In places where tourists can pay to visit a local orphanage, issues of corruption can arise. The orphanage may be a risk of becoming run as a money making scheme, taking away from the real needs of the children and community they serve. 

That's not to say that all orphanage visits are a scam. But, again, its important to do your research and be mindful of ethical practices. Remember that children are not a commodity and orphanages or hospitals are not tourist attractions. Consider whether or not your visit actually gives back to the community and whether you could support the community in other, more productive ways. Do your research and see what might work best for the particular city or country you're visiting. 


As travelers, most of us come armed and ready with our cameras. We love to capture everything we see - it helps us keep the memories alive and share them with others. There's no shame in that, and most people you come across in the world will understand it. Nevertheless, it's important to be mindful of who and what you take pictures of. People may not want to have their photo taken, so always ask permission if you would like to take a picture of someone in particular. This is especially true in sacred places or remote areas where people may have sensitivities around modern technology. And to the point made above, be especially sensitive when taking pictures of children and be conscious of their comfort and safety. In museums or places of worship, take note of signs that prohibit or limit photography -- in some cases, flash photography isn't allowed in order to help preserve artwork or avoid disrupting those inside. 


To this point we've talked specifically about being more socially-conscious of the places you visit and those who live there. But what's equally important is being aware of the global footprint your travels have on the worlds' resources. When you fly to your destination, when you toss that water bottle in the trash, and when you take advantage of the hotel laundry, you're leaving a mark on the world - just as you do when you're home. Luckily there are small, easy ways that you can recognize and compensate for your impact:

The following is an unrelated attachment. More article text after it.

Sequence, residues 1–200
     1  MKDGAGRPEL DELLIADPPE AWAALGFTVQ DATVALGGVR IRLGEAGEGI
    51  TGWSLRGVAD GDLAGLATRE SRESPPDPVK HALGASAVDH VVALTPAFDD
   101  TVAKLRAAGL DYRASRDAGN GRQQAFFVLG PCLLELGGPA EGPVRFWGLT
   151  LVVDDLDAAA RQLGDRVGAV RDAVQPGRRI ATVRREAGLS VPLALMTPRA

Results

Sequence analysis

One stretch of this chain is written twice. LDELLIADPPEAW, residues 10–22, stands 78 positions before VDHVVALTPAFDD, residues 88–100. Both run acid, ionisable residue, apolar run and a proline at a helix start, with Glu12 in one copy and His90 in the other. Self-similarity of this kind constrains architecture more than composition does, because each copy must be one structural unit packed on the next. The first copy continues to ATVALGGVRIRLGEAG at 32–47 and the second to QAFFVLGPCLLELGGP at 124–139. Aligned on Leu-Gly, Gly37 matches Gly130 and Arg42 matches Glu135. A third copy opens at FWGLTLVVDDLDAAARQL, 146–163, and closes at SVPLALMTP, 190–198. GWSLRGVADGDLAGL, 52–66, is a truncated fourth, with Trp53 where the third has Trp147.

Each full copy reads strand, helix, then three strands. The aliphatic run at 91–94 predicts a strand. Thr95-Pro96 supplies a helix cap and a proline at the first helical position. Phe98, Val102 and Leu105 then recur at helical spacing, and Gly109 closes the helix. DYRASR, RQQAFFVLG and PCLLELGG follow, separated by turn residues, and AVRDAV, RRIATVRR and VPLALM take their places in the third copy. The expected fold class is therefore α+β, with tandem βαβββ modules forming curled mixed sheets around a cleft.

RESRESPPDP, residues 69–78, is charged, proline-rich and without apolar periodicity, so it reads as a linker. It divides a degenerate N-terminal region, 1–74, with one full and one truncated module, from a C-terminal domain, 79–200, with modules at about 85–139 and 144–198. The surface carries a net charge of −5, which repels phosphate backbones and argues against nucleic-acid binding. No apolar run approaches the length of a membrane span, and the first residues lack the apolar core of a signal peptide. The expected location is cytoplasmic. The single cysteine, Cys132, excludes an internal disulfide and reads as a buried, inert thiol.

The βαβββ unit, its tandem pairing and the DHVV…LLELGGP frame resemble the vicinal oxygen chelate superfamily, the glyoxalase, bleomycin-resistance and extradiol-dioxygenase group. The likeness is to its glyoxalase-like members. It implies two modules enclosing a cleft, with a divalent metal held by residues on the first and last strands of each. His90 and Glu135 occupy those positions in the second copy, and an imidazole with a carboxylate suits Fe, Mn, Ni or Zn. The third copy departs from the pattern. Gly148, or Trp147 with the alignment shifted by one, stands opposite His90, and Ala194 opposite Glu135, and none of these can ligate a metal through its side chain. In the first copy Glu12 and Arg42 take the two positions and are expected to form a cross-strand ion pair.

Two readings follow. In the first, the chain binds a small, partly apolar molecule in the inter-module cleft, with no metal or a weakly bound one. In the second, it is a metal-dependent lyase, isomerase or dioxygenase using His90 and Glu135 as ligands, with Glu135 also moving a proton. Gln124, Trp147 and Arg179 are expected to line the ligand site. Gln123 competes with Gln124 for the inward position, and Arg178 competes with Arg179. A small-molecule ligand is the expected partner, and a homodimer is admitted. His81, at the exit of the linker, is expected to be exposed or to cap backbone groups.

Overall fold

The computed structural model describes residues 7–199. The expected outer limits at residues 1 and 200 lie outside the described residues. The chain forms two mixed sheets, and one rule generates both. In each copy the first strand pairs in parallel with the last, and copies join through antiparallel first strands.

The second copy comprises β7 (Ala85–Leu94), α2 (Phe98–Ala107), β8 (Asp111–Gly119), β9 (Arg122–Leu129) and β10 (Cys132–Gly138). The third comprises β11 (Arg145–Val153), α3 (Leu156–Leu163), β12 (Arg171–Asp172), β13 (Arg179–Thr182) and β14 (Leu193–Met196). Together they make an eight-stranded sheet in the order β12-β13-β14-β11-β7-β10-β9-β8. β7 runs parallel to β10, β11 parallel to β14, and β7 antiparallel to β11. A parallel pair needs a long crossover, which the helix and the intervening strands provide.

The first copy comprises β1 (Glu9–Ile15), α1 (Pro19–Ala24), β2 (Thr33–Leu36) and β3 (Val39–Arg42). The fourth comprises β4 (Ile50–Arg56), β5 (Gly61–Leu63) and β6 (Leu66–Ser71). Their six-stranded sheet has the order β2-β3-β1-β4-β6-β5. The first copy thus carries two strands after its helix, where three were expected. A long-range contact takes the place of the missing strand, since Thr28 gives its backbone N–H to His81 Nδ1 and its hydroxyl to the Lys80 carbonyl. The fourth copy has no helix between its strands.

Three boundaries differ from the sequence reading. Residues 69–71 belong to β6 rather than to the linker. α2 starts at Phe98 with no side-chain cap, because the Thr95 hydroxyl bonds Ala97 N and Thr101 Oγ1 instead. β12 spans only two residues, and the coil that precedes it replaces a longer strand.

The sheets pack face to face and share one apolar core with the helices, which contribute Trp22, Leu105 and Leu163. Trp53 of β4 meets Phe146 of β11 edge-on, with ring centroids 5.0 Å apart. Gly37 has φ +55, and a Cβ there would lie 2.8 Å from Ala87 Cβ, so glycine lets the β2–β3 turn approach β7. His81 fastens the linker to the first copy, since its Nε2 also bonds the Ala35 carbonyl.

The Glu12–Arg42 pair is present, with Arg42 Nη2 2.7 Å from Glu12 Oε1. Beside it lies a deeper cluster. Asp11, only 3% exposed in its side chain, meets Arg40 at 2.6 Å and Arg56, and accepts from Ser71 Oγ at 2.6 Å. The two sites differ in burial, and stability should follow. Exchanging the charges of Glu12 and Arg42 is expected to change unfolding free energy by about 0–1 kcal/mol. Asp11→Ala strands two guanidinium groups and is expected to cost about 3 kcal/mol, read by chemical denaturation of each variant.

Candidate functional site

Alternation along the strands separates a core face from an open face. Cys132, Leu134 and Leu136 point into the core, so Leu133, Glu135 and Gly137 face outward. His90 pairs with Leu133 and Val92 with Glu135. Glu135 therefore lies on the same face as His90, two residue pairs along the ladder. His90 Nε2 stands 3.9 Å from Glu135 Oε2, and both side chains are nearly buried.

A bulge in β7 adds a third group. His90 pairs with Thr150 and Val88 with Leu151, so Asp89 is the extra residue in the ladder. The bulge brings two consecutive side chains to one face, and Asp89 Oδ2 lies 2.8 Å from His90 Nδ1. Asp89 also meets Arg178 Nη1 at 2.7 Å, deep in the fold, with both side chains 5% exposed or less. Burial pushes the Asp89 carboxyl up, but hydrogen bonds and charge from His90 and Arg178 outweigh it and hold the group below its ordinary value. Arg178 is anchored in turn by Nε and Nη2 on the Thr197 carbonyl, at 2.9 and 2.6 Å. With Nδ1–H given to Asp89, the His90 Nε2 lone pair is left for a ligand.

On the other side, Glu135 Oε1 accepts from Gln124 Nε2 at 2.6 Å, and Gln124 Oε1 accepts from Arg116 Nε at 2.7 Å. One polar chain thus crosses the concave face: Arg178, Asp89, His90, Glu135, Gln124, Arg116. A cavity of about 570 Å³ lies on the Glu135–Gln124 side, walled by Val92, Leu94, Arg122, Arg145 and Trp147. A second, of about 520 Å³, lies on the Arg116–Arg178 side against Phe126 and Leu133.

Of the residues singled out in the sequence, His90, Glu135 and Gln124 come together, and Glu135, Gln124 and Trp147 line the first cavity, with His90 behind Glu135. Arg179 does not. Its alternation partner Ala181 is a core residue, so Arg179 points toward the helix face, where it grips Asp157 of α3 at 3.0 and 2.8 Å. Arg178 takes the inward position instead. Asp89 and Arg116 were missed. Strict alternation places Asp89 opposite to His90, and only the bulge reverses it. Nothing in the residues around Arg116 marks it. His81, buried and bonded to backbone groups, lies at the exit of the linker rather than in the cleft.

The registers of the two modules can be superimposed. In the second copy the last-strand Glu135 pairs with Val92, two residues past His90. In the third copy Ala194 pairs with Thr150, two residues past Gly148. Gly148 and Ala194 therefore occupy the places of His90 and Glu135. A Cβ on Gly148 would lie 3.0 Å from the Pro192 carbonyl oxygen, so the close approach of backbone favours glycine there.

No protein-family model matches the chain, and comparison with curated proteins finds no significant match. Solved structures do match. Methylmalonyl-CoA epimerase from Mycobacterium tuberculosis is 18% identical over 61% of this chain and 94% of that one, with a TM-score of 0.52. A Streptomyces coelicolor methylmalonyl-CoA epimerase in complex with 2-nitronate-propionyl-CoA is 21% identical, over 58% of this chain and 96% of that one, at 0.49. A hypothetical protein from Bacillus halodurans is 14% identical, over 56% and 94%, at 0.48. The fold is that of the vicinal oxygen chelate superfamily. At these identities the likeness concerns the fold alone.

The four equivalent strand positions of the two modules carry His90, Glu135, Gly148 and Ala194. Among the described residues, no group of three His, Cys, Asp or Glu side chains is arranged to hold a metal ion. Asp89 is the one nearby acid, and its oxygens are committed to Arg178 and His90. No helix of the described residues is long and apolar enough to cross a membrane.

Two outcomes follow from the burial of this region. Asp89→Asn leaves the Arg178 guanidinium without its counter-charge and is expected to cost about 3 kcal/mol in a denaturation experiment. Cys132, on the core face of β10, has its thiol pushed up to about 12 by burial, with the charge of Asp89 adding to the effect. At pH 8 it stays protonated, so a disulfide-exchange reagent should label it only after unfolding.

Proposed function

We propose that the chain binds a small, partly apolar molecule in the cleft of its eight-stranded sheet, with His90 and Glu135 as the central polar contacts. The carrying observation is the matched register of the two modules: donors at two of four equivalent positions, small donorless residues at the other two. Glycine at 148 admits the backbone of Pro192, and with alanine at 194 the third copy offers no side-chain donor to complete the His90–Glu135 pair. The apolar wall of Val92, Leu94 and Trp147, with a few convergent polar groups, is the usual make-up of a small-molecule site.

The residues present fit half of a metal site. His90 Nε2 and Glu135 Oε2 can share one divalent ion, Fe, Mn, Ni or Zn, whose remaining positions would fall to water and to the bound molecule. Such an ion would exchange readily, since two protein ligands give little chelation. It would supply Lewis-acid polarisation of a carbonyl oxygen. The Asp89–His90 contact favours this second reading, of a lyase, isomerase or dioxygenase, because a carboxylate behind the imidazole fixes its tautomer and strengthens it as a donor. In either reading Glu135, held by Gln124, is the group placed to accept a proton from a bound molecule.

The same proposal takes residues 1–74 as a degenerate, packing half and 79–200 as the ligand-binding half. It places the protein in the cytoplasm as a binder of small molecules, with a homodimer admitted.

• Consider participating in your airline's carbon offset programs, where you can pay for your portion of the aircraft's carbon emissions. This is usually $5-10 added to the price of your plane ticket that goes towards investing in carbon reduction projects. 
  • Make an effort to recycle - particularly paper and plastic containers. Even better, travel with a water bottle to cut down on the use of plastic bottles entirely (this is also a great way to save money - because constantly buying bottled water adds up!). The tap water in most countries is safe to drink and taste great; double check the status of potable water in your destination before you leave.
  • Hand wash your clothes and line dry them (instead of using the washing machine and dryer in your hotel or vacation rental), helping to save water and electricity! 
  • Walk from place to place (instead of taking a taxi or driving), which cuts down on car emissions, keeps you active, and is usually the best way to explore a city. 
  • Turn off the lights and air conditioning when you leave your hotel room. Even though you don't foot the bill, you'll help save electricity. 


What do you do to be a more conscious traveler? We'd love to hear! Share your thoughts and experiences with us and others in the comments below!